If by fate, I mean a rambunctious toddler.
When I first started studying photography in college, I realized that a good way to fund my obsession with camera equipment was to shoot weddings on the weekends. Even back then in the film age (which was far more expensive to shoot), I could clear $500.00 per wedding. I had a beautiful Minolta SLR – a complete system. I had upgraded from my X-700 to a Maxxum 700si. It was a very nice 35mm camera, the nicest I could afford. Even back in 98, this was a $1,200.00 camera, just the body. And it wasn’t digital. I didn’t get my first digital SLR until 2006, although I had a few point and shoot digitals before that.
I was shooting a wedding at a church near Crown Center in Kansas City, MO. It was a Saturday afternoon, nice day outside, seemed like it was going to be a normal day.
I always over-prepared for weddings. If I thought I was going to shoot 30 rolls of film, I’d take 90. If I thought I’d go through 6 of those expensive LiIon 2CR5 batteries, I’d take 20. Inevitably I always shot more than I expected to, especially with weddings. You just don’t want to miss “the shot.” I’ve found that I shoot about two shots per minute. Yeah, it’s sick.
My Minolta was practically new, so I knew I didn’t need to worry about malfunctions. I’d shot a couple dozen rolls through it and everything was coming back perfectly exposed. It was my first camera that had a “program” mode where it would autometer and then set the shutter and aperture automatically. With that confidence, I didn’t bother bringing my older X-700 with me, because it was a truly manual camera… much more arduous to use.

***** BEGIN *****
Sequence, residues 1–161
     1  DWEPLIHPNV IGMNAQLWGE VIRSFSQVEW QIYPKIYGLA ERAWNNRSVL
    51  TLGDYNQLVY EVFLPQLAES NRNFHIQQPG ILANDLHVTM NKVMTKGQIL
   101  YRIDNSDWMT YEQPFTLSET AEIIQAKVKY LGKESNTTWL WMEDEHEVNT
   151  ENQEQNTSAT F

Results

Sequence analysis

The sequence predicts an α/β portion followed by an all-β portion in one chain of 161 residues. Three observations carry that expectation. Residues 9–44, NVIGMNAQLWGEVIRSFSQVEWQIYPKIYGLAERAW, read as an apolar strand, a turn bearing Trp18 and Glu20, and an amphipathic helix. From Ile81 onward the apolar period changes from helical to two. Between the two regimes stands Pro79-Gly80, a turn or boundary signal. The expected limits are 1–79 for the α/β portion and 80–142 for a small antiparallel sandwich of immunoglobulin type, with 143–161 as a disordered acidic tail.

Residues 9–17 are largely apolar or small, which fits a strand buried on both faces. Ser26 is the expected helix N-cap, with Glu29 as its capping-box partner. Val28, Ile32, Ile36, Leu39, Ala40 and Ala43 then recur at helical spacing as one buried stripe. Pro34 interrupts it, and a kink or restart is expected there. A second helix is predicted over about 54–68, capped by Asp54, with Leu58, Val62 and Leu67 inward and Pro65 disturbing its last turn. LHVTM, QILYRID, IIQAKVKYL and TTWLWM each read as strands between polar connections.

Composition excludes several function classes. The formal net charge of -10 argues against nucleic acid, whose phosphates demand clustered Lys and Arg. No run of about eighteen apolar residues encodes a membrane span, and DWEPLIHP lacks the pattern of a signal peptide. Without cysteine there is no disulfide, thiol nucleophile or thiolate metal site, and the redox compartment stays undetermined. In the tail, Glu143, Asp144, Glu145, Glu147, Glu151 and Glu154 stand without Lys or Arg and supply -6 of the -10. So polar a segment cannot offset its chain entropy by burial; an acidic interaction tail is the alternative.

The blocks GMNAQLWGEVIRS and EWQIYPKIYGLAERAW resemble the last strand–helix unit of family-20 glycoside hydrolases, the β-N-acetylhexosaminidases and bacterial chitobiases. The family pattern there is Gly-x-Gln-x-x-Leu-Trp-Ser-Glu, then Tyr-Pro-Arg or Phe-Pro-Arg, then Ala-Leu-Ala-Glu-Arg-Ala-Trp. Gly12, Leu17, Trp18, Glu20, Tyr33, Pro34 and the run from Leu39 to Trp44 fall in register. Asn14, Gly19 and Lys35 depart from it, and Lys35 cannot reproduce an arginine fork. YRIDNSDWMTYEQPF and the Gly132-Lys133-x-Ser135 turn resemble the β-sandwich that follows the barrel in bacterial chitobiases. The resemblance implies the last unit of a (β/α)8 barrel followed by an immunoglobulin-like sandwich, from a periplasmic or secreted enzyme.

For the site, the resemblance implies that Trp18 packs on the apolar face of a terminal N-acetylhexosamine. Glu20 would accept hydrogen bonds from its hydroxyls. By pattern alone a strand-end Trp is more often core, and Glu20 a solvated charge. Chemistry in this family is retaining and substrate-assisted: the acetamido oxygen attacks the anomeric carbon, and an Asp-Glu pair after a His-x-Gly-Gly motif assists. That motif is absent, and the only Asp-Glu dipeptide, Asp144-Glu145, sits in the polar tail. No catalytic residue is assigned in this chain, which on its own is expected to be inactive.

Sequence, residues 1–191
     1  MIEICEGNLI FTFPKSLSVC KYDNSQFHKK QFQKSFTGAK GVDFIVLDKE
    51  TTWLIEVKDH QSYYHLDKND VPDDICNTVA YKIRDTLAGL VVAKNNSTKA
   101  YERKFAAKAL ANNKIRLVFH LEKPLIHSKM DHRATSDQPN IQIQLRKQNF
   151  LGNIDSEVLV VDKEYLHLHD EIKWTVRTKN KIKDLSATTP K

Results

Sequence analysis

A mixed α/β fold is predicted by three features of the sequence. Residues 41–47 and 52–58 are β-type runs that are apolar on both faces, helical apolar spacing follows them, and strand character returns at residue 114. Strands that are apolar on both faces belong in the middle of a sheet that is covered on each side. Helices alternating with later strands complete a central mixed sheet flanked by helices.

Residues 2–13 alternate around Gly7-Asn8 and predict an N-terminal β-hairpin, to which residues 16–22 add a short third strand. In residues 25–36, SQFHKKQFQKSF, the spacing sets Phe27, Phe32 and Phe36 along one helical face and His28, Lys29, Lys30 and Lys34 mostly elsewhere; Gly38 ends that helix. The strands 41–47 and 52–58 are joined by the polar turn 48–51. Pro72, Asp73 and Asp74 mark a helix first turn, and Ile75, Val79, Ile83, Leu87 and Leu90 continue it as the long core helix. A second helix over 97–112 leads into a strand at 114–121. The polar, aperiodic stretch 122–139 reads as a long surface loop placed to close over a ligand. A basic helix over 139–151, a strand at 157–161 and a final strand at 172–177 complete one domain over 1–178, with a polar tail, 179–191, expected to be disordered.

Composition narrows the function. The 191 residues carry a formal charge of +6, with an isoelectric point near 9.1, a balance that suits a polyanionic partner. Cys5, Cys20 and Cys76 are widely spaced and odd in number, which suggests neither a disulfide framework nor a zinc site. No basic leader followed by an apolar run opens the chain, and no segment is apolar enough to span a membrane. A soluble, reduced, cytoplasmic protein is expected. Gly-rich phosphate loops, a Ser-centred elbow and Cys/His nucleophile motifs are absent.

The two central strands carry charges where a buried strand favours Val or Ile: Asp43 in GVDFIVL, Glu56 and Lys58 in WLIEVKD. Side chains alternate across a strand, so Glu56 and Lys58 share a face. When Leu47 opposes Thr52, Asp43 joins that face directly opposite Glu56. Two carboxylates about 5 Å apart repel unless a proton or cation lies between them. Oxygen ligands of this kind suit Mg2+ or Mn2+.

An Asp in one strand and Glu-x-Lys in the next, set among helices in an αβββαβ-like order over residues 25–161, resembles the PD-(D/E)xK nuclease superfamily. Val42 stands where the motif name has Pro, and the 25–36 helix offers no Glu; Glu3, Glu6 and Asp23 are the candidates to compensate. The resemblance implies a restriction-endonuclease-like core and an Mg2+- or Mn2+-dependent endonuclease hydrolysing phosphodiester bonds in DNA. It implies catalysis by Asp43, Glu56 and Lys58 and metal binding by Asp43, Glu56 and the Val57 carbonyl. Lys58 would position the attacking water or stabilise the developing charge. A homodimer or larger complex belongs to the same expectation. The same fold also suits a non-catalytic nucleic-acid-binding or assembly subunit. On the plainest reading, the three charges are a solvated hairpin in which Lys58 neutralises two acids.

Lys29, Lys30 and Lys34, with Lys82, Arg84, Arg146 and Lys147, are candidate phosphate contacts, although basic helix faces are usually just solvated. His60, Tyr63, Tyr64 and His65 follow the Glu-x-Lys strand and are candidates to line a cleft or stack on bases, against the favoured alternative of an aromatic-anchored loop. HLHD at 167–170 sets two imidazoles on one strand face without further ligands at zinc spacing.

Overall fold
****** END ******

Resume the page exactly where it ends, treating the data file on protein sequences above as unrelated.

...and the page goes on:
The service was over and it was time to set up for the formal poses. I set my camera on the tripod (and keep in mind, this was a $350.00 Bogen tripod… not a cheap piece of crap) and went up to set up my lighting, which at the time was a Novatron D1500 kit. I was always worried a kid would knock over my lights, because they were pretty fragile. The kit had 4 lights, and I rarely used 3, let alone 4, so I knew I had a backup if someone wandered into them.
As I was setting up the second light, someone’s toddler came running down the aisle and ran headfirst into my tripod… the entire thing toppled… camera and all. I could hear the glass shattering in my lens, and I thought I saw the film door pop open on the camera. I had other lenses, so I thought worst case scenario I had to switch lenses and probably had lost that roll of film.
The film door had not popped open. The entire camera had broken in two.
That was a problem, because I hadn’t brought a spare camera… didn’t really even have one.
The kid’s parents looked on in horror, but naturally didn’t offer to pay for it. I had no choice… I had to put the entire wedding party onto standby and I went off to IPAS, the camera store nearby there that gives me the heeby jeebies. I went in, bought a new Minolta 700si on my credit card, and raced back to the wedding.
Disaster was averted that day because I was close to a camera store and had enough credit available to buy a replacement. However, if it had been an evening wedding, they would have been screwed.
I learned my lesson on that day, and I never went to a wedding with only one camera body again. Last year, I shot what I plan to be my last wedding ever, and I took two Nikon D200’s with me. Of course, when you’re prepared, bad things never happen.
That’s just the way the world works. It’s the inverse of Murphy’s Law. Anything that can go wrong will go wrong except if you’ve already planned a contingency.